“In Kansas, we’re getting used to feeling the tremors from our neighbors to the south, but it’s becoming tiresome,” the Hutchinson News managing editor wrote. “Gas and oil are huge factors in Oklahoma’s economy,” the editor continued. “They’re important to many Kansans, too. But this state has taken strong steps to regulate activity, which has lessened the shock.”

Logan County Commissioner Marven Goodman of Guthrie proposed a resolution asking the Corporation Commission to temporarily suspend all saltwater disposal injection well operations in that county “until such time as a proper geological survey and seismic study can be conducted at depth.” His motion died for lack of a second during the Logan County Board of Commissioners’ meeting Thursday morning.

In addition, Goodman said he FAXed a letter to the Corporation Commission on Sept. 5, asking the Oil & Gas Conservation Division to shut down a wastewater disposal well in his district. “I’m concerned about our historic buildings” in Guthrie, he explained. He said Thursday he has not received a response from any agency official.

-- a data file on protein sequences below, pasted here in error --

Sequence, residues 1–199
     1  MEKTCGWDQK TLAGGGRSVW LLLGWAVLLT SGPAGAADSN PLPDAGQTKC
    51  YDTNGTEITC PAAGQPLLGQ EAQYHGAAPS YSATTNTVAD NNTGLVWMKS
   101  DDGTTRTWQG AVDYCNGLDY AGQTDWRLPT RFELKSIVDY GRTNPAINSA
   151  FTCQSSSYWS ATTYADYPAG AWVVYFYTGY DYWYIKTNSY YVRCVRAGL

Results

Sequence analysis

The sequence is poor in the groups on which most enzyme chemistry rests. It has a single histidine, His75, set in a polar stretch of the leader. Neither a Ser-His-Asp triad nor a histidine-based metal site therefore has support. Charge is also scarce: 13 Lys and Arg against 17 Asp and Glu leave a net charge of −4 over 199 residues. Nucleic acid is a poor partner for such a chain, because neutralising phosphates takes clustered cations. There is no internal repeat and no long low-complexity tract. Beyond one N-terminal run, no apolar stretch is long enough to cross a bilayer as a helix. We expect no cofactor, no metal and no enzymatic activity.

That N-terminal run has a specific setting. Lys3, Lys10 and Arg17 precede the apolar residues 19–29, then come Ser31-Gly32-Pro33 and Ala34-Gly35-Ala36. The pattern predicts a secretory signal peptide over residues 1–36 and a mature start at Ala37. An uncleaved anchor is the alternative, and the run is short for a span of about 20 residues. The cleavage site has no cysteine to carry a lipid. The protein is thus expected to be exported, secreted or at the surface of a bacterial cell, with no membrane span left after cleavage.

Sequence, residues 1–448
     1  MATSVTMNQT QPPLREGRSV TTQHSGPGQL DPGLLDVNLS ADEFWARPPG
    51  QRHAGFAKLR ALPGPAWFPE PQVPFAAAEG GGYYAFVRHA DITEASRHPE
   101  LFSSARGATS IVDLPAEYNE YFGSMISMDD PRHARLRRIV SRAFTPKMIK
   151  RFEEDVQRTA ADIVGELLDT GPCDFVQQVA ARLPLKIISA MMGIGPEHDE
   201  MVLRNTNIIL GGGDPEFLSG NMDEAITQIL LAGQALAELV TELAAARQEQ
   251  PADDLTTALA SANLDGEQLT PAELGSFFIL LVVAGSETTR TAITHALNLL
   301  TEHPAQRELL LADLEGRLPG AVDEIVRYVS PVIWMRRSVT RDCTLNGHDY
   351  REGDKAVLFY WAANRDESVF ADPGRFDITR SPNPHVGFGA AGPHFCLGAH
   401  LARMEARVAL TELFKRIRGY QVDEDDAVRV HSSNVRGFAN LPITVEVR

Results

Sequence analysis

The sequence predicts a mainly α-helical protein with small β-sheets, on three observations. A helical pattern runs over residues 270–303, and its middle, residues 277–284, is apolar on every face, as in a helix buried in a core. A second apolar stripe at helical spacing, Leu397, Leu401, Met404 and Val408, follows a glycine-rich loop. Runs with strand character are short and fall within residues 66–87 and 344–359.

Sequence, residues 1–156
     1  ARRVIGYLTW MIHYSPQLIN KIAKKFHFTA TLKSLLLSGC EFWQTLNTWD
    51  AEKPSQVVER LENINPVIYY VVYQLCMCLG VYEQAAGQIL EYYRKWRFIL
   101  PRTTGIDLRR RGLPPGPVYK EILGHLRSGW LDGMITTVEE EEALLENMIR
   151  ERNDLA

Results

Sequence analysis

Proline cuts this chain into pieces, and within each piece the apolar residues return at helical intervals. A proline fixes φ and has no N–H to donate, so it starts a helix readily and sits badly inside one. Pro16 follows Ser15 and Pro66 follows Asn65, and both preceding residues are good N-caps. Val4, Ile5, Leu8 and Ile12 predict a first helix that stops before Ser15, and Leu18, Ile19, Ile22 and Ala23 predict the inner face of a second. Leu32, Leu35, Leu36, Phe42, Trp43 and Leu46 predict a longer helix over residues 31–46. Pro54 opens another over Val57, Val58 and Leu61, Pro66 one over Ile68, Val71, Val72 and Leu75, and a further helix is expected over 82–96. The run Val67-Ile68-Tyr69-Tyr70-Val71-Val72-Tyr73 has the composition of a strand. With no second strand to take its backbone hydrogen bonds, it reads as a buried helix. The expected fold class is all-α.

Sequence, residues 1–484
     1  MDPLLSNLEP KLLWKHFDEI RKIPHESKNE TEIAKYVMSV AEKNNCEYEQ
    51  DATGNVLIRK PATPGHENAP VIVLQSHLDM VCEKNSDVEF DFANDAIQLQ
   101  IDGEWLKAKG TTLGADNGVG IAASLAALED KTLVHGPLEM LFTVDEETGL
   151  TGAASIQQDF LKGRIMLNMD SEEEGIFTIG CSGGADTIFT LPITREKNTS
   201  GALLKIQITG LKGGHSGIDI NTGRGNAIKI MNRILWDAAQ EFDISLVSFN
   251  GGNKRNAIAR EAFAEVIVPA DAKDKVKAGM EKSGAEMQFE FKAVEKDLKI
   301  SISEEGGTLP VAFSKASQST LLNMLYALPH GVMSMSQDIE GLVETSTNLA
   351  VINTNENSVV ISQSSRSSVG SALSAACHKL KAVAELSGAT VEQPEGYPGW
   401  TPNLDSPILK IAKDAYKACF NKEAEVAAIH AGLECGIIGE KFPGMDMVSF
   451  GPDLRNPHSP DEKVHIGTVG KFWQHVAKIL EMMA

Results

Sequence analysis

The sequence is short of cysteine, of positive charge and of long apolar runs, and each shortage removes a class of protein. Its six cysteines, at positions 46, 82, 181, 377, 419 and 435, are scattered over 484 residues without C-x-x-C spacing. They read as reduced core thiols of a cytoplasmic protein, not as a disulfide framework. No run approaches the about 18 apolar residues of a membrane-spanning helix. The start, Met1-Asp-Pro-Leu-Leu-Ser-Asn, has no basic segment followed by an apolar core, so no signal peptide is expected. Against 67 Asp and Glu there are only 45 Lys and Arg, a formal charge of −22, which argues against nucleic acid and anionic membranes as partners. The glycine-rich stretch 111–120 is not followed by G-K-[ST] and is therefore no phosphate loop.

Williams also called on the Corporation Commission to ban oilfield wastewater imported from other states.

“I don’t care what the percentage of out-of-state saltwater we’re accepting is,” he said. “Any amount is too much. If we placed a moratorium on injection in the high-risk areas, this would include a ban on saltwater being trucked into those high-risk areas.”

Williams also implored Governor Fallin’s administration to require transparency with regard to her seismicity council and “workshops” hosted at government facilities and attended by government employees.

Just last week a two-day workshop on the earthquakes that are shaking northern, northeastern, central and western Oklahoma was sponsored by a state agency (the Oklahoma Geological Survey, based at the University of Oklahoma), was held in a public facility (the Moore-Norman Technology Center), and was attended by state and federal government officials (the OGS, the Corporation Commission and the Environmental Protection Agency).